• Detect mental, behavioral, and social needs
  • Address urgent issues and avoid unnecessary hospital visits
  • Educate patients on taking their medications properly
  • Coordinate care and access community services
  • Assess and recommend safety measures (e.g. fall risk)
  • Ensure care aligns with patient goals and wishes

A good in-home medical model includes the integration of medical, behavioral, mental, social, and palliative care.

Barriers to caring for the whole patient

Many patients with complex health needs encounter barriers to even the most basic care. For example, many complex patients:

  • Have difficulty or inability to make it to a doctor’s office
  • Have functional or physical impairments
  • Require palliative or end-of-life care
  • Are not given access to disease-specific management programs
  • Are unaware of community services available to them

By providing the right level of care in the setting most comfortable for the patient, the health care system can improve care and patient outcomes, while reducing the total cost of care.

A patient-centered house call model can provide “wraparound care” – meaning, patients keep their primary care provider and other doctors and specialists. The house calls are provided in addition to the care they receive from their other providers. A patient-centered approach is important to making effective health care decisions and optimizing the patient’s quality of life. At the same time, this approach tends to maximize patient satisfaction and health outcomes.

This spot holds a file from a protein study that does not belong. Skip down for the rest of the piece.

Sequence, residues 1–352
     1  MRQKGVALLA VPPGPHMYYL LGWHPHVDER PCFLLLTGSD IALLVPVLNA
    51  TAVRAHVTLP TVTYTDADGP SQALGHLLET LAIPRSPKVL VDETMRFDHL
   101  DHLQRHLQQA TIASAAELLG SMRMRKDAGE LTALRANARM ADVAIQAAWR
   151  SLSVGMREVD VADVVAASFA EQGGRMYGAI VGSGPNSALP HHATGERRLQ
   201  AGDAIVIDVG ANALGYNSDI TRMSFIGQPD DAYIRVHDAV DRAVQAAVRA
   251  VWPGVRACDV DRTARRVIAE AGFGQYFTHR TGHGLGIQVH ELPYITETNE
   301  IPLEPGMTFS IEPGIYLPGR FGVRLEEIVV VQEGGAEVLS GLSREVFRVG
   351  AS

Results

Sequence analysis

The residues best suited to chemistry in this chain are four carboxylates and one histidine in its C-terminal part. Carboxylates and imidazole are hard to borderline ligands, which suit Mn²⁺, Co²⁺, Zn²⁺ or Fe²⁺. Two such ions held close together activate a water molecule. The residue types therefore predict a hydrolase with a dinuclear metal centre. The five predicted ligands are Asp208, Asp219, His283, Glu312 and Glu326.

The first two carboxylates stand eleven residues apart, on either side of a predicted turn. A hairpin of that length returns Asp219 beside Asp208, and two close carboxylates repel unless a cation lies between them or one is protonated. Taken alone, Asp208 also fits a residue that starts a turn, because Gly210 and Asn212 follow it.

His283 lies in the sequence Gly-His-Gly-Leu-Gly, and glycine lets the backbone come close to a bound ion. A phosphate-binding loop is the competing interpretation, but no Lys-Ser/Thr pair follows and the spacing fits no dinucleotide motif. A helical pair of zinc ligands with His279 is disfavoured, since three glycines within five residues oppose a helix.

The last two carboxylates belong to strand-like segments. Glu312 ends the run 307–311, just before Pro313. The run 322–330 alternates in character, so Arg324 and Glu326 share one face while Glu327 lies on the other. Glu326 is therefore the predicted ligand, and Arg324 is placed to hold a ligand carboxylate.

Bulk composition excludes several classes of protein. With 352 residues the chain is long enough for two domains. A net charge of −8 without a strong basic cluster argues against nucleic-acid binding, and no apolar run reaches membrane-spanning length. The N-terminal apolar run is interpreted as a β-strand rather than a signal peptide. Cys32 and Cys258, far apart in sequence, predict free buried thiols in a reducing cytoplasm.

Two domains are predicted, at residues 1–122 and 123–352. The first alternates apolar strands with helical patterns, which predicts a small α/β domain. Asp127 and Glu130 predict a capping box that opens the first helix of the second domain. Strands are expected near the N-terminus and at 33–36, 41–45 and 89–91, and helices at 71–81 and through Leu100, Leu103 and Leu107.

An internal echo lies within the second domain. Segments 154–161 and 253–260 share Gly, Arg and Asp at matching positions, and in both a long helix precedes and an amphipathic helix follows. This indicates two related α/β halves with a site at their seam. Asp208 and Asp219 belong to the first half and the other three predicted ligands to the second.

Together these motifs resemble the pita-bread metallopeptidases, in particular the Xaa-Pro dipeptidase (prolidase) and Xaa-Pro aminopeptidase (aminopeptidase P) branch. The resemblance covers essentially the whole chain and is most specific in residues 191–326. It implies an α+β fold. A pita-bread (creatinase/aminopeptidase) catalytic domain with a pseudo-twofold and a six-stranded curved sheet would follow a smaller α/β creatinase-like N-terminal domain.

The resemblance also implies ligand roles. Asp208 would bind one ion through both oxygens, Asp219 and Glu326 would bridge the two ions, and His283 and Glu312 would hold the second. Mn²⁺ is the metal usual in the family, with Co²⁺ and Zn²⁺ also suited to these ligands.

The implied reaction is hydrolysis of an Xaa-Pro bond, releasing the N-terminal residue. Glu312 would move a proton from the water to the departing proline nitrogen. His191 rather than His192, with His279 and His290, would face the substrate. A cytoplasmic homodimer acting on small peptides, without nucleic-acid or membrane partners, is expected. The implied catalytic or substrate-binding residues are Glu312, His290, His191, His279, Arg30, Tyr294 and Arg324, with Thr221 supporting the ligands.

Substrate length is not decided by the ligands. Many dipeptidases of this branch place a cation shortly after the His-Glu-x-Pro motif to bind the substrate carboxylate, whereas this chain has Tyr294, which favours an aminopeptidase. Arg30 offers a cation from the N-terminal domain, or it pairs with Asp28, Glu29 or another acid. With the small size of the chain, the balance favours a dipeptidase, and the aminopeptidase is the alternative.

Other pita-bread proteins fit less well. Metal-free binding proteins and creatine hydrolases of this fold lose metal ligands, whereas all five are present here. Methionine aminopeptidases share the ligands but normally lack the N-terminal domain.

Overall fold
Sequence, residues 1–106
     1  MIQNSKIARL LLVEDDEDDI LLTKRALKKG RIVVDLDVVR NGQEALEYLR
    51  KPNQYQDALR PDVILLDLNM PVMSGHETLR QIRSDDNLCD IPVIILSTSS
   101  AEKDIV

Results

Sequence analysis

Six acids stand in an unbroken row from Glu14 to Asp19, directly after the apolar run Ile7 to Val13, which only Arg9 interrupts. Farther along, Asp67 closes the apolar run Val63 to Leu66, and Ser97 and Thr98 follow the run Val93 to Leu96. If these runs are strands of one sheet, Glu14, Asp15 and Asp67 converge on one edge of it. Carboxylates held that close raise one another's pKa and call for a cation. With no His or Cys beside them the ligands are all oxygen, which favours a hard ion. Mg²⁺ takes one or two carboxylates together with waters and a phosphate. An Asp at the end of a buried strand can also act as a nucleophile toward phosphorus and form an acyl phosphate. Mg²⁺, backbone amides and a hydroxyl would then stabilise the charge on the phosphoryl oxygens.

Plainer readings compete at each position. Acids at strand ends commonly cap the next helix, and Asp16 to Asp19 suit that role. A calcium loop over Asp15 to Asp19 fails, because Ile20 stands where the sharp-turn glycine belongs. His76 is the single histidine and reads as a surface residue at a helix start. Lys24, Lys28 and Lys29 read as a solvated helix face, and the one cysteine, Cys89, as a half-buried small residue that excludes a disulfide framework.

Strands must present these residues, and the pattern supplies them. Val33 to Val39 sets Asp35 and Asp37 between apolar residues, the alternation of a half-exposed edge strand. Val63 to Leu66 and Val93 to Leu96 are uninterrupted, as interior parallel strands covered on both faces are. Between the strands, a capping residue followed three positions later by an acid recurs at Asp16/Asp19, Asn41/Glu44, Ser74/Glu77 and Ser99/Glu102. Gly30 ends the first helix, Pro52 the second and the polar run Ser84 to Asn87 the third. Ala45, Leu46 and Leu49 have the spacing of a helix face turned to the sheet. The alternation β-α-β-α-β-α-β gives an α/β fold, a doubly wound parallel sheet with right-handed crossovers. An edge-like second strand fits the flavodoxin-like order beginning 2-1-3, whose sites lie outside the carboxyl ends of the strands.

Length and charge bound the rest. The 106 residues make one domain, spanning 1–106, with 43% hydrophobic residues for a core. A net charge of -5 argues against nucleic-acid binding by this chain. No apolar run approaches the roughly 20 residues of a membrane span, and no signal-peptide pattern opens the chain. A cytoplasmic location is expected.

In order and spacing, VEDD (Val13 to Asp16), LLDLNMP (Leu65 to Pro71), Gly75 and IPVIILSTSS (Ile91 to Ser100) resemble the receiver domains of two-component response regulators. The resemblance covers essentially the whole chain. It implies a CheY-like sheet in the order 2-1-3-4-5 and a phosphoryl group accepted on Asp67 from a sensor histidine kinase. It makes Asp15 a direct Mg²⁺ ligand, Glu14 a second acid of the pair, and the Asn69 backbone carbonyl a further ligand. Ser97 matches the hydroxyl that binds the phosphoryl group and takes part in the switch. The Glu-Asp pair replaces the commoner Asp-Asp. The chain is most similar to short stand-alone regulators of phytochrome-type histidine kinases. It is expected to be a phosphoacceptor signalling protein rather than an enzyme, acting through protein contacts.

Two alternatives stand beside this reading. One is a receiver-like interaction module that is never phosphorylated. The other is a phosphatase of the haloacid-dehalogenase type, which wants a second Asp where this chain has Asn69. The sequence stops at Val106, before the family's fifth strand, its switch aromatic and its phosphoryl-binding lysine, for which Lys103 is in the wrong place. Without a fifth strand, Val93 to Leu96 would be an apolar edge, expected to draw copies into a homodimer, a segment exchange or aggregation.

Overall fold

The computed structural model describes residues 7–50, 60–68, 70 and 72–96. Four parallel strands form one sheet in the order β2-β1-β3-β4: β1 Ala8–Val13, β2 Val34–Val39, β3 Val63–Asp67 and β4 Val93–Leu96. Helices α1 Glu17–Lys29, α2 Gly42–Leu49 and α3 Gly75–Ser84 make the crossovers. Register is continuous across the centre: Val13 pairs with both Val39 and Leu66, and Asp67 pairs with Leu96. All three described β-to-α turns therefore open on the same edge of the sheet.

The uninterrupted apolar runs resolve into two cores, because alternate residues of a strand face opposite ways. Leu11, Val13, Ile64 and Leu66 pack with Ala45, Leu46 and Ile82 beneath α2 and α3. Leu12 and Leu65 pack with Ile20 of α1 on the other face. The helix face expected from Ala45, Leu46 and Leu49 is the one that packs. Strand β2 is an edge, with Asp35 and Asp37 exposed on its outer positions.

Goals of In-home Medical Care

Goals of in-home medical care for complex patients should include:

  • Giving complex patients easier access to patient-centered, multidisciplinary care
  • Alleviating social and behavioral issues that can inhibit healthy habits
  • Improving patient satisfaction and quality of life
  • Achieving better patient outcomes
  • Lowering the overall cost of care through prevention, appropriate levels of treatment, and reduction in hospitalizations

Comprehensive in-home medical care of the whole patient can reduce costs through preemptive efforts to reduce unnecessary readmissions, emergency room visits, complications that are avoidable with proper care, and medication errors through regular medication reviews

The aging population is an opportunity to evolve the US health care system to better meet the needs of all Americans. We can reduce the growth in health care spending, while providing high-touch, longitudinal care through disruptive care delivery models.

References
1. https://www.ncoa.org/news/resources-for-reporters/get-the-facts/healthy-aging-facts/.
2. “How Home-Based Primary Care Can Reduce Expensive Hospitalizations” Harvard Business Review. May 16, 2019.
3. “Home-based Primary Care – New standard of care curbs high costs of care for 2 million sick and frail homebound adults”. American Academy of Home Care Medicine and The John A Hartford Foundation. October, 2018.

About the Author

Landmark Health, Author

Landmark Health and its affiliated medical groups partner with health plans and delivery systems to bring in-home medical care to complex and chronically ill patients. The company bears risk for more than 100,000 lives across 13 states. Its value-based model relies on physician-led multidisciplinary care teams available to patients 24/7. These fully employed teams help drive long-term outcomes for patients by bringing medical, behavioral, social and palliative care to individuals, where they reside and when they need it.